Living and Giving

The Pamela Positive: “Can’t” – Edgar Guest

Share This Post



Dear Living and Giving Readers,


\”Can\’t\” is a favorite word of some people. They don\’t believe they can do something, or you can do something.






Yet you are not a CAN\’T!    You are an I CAN.






I CAN improve on my job.


I CAN move to a new city and make it!


I CAN find a new way of living. I am leaving my old, unethical ways.


I CAN appreciate my mom with my tone in every word I share. Don\’t accept a misstep here, especially with the ones you love!


I CAN have a positive attitude even when it\’s raining.


I CAN have a positive attitude even when it\’s 101 degrees!






I CAN, I CAN, I CAN. Life is so important. Have an I CAN attitude everywhere, and in everything you do!






Here is the case against it I CAN\’T.  It\’s a fount of discouragement and avoid, avoid it all costs.  Read on to read its damages, and then to defend against it.



“Can\’t is the worst word that\’s written or spoken.

 Doing more harm here than slander and lies;

 On it is many a strong spirit broken,

  And with it many a good purpose dies.

 It springs from the lips of the thoughtless each morning

  And robs us of courage we need through the day:

 It rings in our ears like a timely sent warning

  And laughs when we falter and fall by the way.


Can\’t  is the father of feeble endeavor,

  The parent of terror and halfhearted work;

 It weakens the efforts of artisans clever,

  And makes of the toiler an indolent shirk.

 It poisons the soul of the man with a vision,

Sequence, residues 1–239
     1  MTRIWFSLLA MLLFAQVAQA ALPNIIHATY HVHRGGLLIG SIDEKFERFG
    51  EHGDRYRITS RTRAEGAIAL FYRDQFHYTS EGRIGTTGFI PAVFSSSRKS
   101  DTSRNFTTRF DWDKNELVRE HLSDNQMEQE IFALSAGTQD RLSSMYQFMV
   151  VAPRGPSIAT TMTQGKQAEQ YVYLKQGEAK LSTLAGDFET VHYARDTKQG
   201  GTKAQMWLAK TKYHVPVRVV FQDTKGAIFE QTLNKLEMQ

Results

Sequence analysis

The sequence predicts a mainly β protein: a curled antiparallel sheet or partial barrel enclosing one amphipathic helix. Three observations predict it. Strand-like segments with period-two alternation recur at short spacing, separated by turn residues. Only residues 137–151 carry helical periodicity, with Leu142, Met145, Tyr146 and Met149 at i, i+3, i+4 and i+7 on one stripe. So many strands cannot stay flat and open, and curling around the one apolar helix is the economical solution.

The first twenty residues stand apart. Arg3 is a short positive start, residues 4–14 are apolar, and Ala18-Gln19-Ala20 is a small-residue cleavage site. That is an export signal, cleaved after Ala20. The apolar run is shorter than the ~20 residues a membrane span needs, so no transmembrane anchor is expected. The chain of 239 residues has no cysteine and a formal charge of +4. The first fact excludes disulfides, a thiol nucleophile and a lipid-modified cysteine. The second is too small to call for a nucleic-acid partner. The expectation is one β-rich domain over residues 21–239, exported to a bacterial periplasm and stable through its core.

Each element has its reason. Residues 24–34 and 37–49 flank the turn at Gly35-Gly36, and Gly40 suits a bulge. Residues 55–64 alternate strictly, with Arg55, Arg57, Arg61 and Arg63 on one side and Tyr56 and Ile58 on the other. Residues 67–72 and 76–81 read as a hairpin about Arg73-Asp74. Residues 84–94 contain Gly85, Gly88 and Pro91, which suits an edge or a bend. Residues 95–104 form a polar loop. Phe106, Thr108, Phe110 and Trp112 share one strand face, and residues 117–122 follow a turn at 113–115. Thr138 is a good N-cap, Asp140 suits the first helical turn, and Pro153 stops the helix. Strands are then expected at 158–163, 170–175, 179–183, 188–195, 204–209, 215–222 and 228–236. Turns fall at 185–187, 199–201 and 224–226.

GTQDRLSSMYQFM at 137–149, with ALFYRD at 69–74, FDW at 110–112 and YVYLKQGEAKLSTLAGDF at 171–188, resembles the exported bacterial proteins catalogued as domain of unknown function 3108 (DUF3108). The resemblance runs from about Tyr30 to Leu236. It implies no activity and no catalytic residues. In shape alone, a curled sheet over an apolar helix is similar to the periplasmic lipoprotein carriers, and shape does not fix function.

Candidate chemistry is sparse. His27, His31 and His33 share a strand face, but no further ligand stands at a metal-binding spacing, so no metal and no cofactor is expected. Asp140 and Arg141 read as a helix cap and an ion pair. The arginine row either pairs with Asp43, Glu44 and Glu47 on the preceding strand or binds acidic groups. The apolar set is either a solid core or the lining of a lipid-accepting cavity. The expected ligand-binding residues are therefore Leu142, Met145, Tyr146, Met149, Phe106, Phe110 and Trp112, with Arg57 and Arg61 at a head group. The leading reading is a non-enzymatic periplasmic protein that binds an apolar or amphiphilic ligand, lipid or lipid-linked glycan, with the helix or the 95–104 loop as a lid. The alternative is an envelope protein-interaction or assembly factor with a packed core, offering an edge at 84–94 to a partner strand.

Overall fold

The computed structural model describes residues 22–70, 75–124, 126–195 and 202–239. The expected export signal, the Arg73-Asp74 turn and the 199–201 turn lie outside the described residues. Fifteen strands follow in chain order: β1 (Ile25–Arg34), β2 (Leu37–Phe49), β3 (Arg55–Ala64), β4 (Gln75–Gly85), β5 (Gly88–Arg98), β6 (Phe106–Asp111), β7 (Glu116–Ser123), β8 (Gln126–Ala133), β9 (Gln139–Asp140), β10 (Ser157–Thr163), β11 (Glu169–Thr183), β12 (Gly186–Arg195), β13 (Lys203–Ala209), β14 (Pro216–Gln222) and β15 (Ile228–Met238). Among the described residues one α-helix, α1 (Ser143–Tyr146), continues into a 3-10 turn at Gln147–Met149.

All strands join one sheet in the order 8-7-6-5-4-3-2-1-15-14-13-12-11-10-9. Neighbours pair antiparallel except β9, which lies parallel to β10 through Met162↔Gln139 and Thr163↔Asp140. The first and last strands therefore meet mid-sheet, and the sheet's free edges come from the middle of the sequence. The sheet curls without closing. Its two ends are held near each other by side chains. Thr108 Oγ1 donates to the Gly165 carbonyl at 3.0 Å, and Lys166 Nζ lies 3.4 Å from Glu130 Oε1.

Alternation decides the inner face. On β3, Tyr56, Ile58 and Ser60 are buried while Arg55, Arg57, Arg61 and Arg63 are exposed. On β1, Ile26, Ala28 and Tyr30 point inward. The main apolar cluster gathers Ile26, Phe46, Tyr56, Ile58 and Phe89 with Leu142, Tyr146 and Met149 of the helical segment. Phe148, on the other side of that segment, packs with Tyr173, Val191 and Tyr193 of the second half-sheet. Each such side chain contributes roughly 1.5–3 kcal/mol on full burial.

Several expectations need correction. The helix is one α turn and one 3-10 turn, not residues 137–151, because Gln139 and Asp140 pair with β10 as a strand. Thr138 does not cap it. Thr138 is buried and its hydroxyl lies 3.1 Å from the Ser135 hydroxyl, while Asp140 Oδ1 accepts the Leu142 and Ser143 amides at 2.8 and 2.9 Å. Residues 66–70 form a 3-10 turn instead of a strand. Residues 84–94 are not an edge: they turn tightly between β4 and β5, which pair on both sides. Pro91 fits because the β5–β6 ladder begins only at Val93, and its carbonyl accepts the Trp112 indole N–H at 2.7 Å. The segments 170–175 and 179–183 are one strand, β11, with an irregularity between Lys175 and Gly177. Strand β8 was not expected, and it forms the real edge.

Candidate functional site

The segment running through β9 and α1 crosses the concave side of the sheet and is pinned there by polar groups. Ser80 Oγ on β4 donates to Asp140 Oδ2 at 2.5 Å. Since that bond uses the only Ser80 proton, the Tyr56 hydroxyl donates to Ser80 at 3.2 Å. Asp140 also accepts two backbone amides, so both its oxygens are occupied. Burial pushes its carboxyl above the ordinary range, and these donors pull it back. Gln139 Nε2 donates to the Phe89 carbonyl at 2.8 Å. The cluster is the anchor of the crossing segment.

It stifles in infancy many a plan;

  It greets honest toiling with open derision

  And mocks at the hopes and the dreams of a man.


  Can\’t  is a word none should speak without blushing;

  To utter it should be a symbol of shame;

 Ambition and courage it daily is crushing;

  It blights a man\’s purpose and shortens his aim.

 Despise it with all of your hatred of error;

  Refuse it the lodgment it seeks in your brain;

 Arm against it as a creature of terror,

  And all that you dream of you someday shall gain.


Can\’t  is the word that is foe to ambition,

An enemy ambushed to shatter your will;

Its prey is forever the man with a mission

And bows but to courage and patience and skill.

Hate it, with hatred that\’s deep and undying,

For once it is welcomed \’twill break any man;

Whatever the goal you are seeking, keep trying

 And answer this demon by saying: \” I  can .\”

                                                                     -Edgar Guest



Have an I CAN attitude and UPLIFT your life.  You will live with fullness, love and joy.


I CAN Today,






Edgar Guest was born in Birmingham, on August 20, 1881, England, to Edwin and Julia Wayne Guest. The family settled in Detroit, Michigan, in 1891. When Edwin lost his job in 1893, eleven-year-old Edgar between working odd jobs after school. In 1895 he was hired as a copy boy for the Detroit Free Press, where he would work for almost sixty-five years. His father died when the poet was seventeen, and Guest was forced to drop out of high school and work full time at the newspaper. He worked his way up from a copy boy to a job in the news department. His first poem appeared on December 11, 1898. His weekly column, \”Chaff,\” first appeared in 1904; his topical verses eventually became the daily \”Breakfast Table Chat,\” which was syndicated to over three-hundred newspapers throughout the United States.

Guest married Nellie Crossman in 1906. The couple had three children. His brother Harry printed his first two books, Home Rhymes and Just Glad Things, in small editions. His verse quickly found an audience and the Chicago firm of Reilly and Britton began to publish his books at a rate of nearly one per year. His collections include Just Folks (1917), Over Here (1918), When Day Is Done (1921), The Passing Throng (1923), Harbor Lights of Home (1928), and Today and Tomorrow (1942).



Fig. ¹: Photo by Christian Erfurt on Unsplash
Fig. ²: Photo by Mohammed Hijas on Unsplash
Fig. ³: Photo by bruce mars on Unsplash 
Fig.⁴: Photo by Blake Cheek on Unsplash